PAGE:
Text by Evan Tan
Photo by Teach for the Philippines
“Kung gusto mong makilala ang Pilipinas, magturo ka sa public school. (If you want to know the Philippines, teach at a public school.)”
For Mikee Garcia, a training specialist at a popular restaurant chain in the country, her experience in Teach for the Philippines, a non-profit organisation which enlists young Filipino leaders to teach in public schools for two years, was nothing short of an eye-opener.
While she graduated with a degree in Psychology at Ateneo de Manila University, a well-known private school in the country, Mikee understood how the public education system works, having studied in a public high school. Teaching was close to Mikee’s heart, and she found it natural to pursue it after college–a calling of sorts.
“I found Teach for the Philippines online through a colleague,” she shares. “I decided to take a leap of faith by filling out an application form–and found myself in front of 60 wonderful children a few months after.”
Her batch mate, Adam Rabuy Crayne, now an account executive for a public relations firm, likewise felt that the fellowship revealed a lot about his country of heritage.
“The two years have informed my perspective on the nation, the diaspora, and the state of global education in profound ways I didn’t think were possible.”
Adam’s mother and her siblings were products of the public education system, and he regards the programme as his way of “honouring their journey and hopefully giving the next generations that same kind of hope and faith in their future.”
Adam graduated in 2010 at the University of California San Diego, with a degree in International Studies and a minor in Ethnic Studies. “Throughout college I was highly invested in initiatives to allocate resources and develop support networks for Filipino American students like myself. Upon graduation I took a variety of jobs that all met at the intersection of education and Filipino American activism. When the opportunity to join the Teach for the Philippines pioneer cohort came my way, I took it as a chance to synthesise everything I’d accomplished prior and apply it in the Philippine context.”
The programme exposed them first-hand to the harsh realities of being a public school teacher — the many pains and frustrations that troubles thousands of educators, every day.
Adam muses: “In the public school, a brilliant teacher focuses on the complete student – who is raising them at home, if anyone? Are they eating properly? What are they doing when they’re not in my classroom? How are any of these circumstances affecting their ability to perform? These questions are all relevant — but they’re also overwhelming when you consider that you have to take them all into account at least fifty five times, one round for each student in your class. At the same time, none of my kids were asking for pity; they showed up to my class every day to learn.”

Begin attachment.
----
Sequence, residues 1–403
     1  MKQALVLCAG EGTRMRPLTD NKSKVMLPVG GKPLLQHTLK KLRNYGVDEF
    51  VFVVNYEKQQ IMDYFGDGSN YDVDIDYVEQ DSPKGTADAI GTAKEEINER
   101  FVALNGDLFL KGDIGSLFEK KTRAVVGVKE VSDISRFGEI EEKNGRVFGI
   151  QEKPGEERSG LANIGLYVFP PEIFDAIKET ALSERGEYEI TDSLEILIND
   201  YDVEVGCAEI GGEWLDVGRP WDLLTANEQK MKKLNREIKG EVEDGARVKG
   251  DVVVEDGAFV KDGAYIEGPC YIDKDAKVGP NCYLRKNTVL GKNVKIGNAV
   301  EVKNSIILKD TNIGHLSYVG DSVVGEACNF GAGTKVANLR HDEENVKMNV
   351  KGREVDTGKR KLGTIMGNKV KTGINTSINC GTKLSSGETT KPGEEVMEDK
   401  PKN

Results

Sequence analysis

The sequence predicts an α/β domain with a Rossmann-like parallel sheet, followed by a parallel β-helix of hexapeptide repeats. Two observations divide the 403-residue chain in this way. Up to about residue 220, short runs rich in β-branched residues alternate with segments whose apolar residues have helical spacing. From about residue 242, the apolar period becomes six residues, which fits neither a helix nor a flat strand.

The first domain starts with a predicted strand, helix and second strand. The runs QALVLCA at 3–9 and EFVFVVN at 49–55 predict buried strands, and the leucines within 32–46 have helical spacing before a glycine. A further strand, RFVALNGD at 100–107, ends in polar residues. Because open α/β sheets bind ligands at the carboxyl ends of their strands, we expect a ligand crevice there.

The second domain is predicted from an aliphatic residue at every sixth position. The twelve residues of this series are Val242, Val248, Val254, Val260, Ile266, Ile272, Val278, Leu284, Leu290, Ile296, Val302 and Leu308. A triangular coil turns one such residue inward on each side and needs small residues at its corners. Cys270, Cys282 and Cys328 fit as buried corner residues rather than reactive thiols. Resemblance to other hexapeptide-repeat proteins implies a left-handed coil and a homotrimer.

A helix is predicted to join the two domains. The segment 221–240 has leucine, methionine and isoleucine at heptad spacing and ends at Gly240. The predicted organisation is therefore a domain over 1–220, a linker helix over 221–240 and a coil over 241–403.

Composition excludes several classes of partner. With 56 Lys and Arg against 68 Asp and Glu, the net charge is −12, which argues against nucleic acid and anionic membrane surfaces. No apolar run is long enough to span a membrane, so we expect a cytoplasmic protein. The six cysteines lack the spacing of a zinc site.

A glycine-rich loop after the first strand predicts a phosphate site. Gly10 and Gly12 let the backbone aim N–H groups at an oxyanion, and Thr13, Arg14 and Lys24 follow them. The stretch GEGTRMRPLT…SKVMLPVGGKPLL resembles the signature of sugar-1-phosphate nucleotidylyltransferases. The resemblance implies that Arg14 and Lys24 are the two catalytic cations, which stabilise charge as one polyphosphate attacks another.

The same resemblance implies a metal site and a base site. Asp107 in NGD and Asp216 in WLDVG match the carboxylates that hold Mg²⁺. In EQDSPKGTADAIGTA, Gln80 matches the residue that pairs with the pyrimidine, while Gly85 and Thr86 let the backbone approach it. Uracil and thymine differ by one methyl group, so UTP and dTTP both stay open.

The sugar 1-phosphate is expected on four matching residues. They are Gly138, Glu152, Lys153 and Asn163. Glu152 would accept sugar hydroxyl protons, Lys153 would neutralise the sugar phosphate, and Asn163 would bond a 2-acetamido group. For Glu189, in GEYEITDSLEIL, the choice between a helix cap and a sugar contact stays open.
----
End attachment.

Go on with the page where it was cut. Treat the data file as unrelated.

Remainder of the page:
Mikee echoes the same concerns: “The most challenging thing for me was accepting the fact that I cannot change everything. My students’ ages range from 7-13. A number of them still can’t read –and they were already in Grade 3. They are also the children who would come to school hungry and/or sleepy from working the previous night. Their frustration would sometimes turn into aggression and I admit there were times that things were lacking of hope. It was a difficult adjustment to make but a few months in, I realised that I should focus on the things within my control. I made an effort to get to know each child personally and worked towards a harmonious classroom culture and a classroom conducive for learning.”
These issues that hound the system is what pushes Teach for the Philippines to deploy volunteer teachers like Mikee and Adam into more communities and thus assist the Department of Education in three areas of focus: functional literacy, a move to make kindergarten universal, and the implementation of K-to-12 programme.
After three years of operation, the fellowship programme has been successful in partnering with 23 schools across eight cities, deploying almost 100 Teacher Fellows in addition to 49 alumni – 12 per cent of which have continued their commitment to education equity by directly working for an additional third year with the Department of Education.
“I think everyone intrinsically wants to leave the world better than it was when they entered it,” Adam observes. “I don’t believe people can change circumstances for the better without having seen the circumstances for what they really are. My two years have afforded me immense insight into how policy at the top has affected the population at the bottom, and I have a lot of faith in my co-fellows who share my experience and are using it to supplement the reforms which they currently champion.”
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